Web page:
Gorhambury House
Gorhambury House
Gorhambury House is a Palladian mansion on the outskirts of St Albans, built by the Bacon family, Earls of Verulam, to replace an earlier Elizabethan manor. The ruins of that older house still stand in the park near the current mansion.

The earlier manor, now known as Old Gorhambury House, was the home of the most famous of the Bacon family, philosopher, writer, and lawyer Sir Francis Bacon (1561-1628).

The House

In 1777 James Grimston, the 3rd Viscount Grimston, called in architect Sir Robert Taylor to create a fashionable new family home. Taylor is best known for his design of the Bank of England building in London.

At Gorhambury he created an elegant three-storey house in neo-Palladian style, featuring a double-height hall and a spiral cantilevered staircase. He also reused bricks from the older Tudor house to create the new building. The house was extended in the 19th century when the exterior was refaced in white Portland stone.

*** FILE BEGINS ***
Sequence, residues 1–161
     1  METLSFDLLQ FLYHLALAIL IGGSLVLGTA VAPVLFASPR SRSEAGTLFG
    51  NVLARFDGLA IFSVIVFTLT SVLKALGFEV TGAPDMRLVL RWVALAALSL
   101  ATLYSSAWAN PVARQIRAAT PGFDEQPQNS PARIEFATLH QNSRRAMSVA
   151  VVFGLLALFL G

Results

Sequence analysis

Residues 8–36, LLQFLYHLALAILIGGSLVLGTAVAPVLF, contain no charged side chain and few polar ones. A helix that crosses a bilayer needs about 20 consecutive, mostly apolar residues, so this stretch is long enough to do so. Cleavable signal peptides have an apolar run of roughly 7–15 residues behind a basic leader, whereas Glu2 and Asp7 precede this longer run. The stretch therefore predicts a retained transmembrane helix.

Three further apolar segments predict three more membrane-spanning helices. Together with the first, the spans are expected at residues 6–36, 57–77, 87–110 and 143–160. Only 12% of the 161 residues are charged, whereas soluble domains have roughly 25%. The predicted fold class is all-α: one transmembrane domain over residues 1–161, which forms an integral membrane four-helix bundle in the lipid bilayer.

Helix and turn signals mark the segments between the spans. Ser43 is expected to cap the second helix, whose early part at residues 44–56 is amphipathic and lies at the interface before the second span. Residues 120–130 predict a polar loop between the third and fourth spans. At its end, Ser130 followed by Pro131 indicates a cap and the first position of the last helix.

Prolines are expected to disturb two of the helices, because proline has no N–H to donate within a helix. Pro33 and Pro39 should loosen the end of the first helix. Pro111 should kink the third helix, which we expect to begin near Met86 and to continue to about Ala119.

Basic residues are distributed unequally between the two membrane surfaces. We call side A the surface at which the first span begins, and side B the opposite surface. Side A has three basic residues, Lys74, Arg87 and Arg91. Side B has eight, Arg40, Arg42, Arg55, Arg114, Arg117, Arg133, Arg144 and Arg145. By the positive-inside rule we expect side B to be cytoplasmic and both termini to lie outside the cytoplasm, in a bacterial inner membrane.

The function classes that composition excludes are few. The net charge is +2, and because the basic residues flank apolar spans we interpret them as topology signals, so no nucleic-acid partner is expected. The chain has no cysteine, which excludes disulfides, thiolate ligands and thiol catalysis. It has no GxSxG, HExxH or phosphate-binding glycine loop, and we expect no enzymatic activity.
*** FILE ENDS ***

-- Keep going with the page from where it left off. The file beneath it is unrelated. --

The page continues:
Within the house is a large collection of Bacon and Grimston family portraits. The house is full of art objects collected by generations of family members undertaking the Grand Tour of Europe. Highlights include the earliest pile carpet in England and 17th-century stained glass salvaged from Old Gorhambury. These windows were commissioned by Sir Francis Bacon.

There is regular entry in the summer months. Please check with the property for exact details. Access is by the estate drive on the A4147 (postcode AL3 6AE).